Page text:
How Brexit could create a crisis at the Irish border


As part of the European Union, the United
Kingdom’s borders have been relatively open for years. Trade’s carried out freely with other member
countries and people coming through only need to show their EU passport. But in June 2016, the UK voted to leave the
EU so that it could reassert control on its own borders – and decide who and what it wanted
to let through. Imagine these boundaries turning into hard
borders. The impact of that on these maritime borders
is complicated in terms of trade, but it could have serious implications for
the people living along the UK’s only overland border — here. This border, between Northern Ireland and
the Republic of Ireland, is one of the reasons why Brexit negotiations continue to reach
a deadlock. That’s because this isn’t just a boundary
between two countries… It’s also a compromise. A symbol of identity. A solution to a troubled history. And it’s been keeping the peace in Northern
Ireland for 20 years. Hardening this border could put one of Europe’s
greatest success stories in jeopardy. This border was first drawn in 1920 by the British, who had ruled over the island for
centuries. The Irish had rebelled several times, but not everyone wanted the British to leave. So, eventually the UK divided the island into
two states based on its population. Most people in this part were historically
Catholic, and identified as Irish, and wanted independence. They were known as Nationalists. But in the North, many people were
Protestant, identified more closely as British and wanted to stay in the UK. They were called Unionists. After the partition, this part remained in
the UK as Northern Ireland. We made that decision as a people quite freely, and for very definite reasons. Reasons that are historical, reasons that are cultural, and reasons that are economic. The south continued to move away from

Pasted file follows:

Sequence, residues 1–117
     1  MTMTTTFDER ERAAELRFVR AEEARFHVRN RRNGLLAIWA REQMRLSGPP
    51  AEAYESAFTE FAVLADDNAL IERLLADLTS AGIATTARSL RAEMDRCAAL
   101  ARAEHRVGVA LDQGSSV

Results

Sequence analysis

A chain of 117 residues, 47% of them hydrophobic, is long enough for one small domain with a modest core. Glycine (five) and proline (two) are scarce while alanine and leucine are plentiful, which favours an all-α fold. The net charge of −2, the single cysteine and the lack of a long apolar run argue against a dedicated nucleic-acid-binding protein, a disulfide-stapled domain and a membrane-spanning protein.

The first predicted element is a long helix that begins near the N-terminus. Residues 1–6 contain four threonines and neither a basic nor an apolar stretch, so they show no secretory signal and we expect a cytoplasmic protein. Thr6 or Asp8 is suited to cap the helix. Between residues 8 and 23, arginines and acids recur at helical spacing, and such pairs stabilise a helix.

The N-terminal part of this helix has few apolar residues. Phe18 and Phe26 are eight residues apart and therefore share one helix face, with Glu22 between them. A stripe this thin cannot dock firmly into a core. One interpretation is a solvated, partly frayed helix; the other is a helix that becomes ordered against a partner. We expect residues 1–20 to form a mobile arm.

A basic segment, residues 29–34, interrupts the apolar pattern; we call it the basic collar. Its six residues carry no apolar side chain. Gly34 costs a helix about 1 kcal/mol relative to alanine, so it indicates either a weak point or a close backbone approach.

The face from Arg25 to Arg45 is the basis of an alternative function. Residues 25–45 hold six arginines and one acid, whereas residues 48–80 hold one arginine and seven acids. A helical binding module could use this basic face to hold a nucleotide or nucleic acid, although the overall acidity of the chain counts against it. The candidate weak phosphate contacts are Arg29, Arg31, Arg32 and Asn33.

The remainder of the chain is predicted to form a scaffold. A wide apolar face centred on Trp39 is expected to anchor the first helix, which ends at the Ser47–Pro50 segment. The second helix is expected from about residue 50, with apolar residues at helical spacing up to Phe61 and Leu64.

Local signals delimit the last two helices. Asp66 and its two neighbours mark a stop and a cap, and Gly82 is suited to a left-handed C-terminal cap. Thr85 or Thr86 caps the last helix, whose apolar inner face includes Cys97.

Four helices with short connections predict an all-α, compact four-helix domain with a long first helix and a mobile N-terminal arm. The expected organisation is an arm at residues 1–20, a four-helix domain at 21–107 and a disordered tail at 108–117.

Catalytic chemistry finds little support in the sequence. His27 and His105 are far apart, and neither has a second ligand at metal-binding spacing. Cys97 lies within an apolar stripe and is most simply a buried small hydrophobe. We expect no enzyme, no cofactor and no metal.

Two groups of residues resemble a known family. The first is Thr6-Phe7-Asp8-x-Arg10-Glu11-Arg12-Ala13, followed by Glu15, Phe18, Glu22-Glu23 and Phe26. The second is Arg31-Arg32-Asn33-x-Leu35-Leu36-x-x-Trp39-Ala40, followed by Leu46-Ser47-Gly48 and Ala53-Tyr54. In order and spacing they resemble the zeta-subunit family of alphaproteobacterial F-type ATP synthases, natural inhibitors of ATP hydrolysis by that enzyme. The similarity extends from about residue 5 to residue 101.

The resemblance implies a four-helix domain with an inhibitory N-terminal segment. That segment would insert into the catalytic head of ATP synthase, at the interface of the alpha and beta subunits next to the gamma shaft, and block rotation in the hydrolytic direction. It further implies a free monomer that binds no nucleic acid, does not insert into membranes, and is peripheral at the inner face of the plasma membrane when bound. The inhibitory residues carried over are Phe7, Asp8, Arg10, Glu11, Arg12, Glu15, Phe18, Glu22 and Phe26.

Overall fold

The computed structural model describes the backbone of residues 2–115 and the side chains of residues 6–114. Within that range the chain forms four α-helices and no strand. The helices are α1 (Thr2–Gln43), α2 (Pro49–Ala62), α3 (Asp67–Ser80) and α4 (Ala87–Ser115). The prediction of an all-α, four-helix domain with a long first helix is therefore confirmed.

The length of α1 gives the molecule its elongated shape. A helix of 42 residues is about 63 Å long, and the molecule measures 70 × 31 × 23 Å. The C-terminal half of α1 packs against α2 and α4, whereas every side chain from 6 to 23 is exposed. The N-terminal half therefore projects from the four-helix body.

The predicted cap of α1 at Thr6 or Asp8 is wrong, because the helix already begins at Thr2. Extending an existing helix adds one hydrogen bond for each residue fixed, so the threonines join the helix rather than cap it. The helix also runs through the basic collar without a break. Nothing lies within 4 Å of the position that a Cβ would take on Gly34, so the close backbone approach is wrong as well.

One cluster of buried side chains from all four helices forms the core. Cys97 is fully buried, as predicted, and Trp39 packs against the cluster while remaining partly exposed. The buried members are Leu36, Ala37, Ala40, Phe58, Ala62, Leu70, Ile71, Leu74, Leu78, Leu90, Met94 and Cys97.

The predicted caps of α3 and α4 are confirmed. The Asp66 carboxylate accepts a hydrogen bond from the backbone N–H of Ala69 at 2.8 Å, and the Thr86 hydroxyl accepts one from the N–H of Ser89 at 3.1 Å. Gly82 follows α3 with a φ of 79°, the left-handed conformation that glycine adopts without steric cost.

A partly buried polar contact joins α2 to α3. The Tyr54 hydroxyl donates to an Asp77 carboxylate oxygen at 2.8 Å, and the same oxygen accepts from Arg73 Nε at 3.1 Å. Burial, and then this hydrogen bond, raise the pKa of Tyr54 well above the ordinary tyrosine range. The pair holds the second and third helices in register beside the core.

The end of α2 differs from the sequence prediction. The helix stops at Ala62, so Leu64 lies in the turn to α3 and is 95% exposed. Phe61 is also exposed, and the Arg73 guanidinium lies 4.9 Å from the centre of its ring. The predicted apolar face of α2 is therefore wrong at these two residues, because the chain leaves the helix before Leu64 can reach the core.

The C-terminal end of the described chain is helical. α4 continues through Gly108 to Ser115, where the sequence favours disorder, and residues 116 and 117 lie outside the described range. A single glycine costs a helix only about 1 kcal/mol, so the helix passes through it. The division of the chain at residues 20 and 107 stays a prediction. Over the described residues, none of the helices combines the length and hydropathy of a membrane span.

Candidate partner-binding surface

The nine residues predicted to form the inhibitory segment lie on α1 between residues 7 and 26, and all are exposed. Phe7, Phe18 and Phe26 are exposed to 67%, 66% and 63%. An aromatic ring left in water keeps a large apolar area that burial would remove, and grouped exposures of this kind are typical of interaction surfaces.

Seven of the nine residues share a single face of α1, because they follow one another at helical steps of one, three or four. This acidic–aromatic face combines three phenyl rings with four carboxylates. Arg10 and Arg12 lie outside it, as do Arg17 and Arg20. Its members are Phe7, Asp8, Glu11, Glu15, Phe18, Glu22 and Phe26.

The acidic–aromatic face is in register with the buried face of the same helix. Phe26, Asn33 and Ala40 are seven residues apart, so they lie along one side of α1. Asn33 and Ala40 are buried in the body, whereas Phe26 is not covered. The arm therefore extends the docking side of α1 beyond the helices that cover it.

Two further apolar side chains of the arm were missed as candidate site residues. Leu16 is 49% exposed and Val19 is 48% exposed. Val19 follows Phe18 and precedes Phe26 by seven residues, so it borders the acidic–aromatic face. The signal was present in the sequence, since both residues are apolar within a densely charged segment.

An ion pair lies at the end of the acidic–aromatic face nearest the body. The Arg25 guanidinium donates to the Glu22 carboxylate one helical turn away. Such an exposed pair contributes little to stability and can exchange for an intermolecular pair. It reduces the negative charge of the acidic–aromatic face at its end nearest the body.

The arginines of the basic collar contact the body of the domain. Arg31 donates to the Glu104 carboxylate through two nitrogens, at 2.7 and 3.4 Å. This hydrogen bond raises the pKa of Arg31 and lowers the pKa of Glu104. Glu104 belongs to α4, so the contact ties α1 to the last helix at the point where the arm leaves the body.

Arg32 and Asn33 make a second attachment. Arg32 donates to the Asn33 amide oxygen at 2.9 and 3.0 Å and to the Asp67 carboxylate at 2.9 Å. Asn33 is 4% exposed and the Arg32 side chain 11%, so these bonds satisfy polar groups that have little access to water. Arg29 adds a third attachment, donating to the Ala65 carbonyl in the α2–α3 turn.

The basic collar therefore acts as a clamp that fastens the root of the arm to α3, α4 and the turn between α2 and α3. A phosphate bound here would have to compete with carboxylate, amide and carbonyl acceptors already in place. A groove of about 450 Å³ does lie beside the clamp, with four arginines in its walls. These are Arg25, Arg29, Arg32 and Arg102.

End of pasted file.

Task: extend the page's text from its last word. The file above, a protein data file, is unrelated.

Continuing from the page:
the UK until it gained complete independence and became a new country — the Republic of
Ireland. At first, this 499 kilometer border was pretty
porous. But the UK and Ireland continued to be hostile. Over time, customs checks were set up at the border
crossings and the two countries descended into a trade war – tariffs were placed on agricultural
produce and goods like steel and coal. By the late 1960s, things turned violent. Violence like this hit Northern Ireland after years of simmering bitterness between the Catholic minority and the ruling Protestant regime. In Northern Ireland, fierce conflict broke
out between extremist groups. Nationalist paramilitaries, like the Irish
Republican Army, believed that Northern Ireland was rightfully part of Ireland and that the
British were oppressors of Northern Ireland’s Nationalist population. Unionist paramilitaries fought back; defending
their place in the UK. Both groups blew up buildings, set off car
bombs, and engaged in bloody street fighting. The UK deployed thousands of troops to Northern
Ireland during this time; and became a common target of Nationalist paramilitary attacks. Especially at the border, which for Nationalists
was the ultimate symbol of British occupation. “Welsh fuseliers who patrol this stretch of the border described in court as the main battle line between the IRA and the army, have suffered repeated attacks.” As violence surged, the UK military tried
to secure the border with walls, towers, heavy guns, and patrols. They tightly controlled the 20 official crossings and screened people and vehicles passing through. The conflict over Northern Ireland turned
this into a hard border. The violence lasted for more than 30 years,
killed over 3,600 people and came to be known as The Troubles. It came to end in 1998, when Nationalist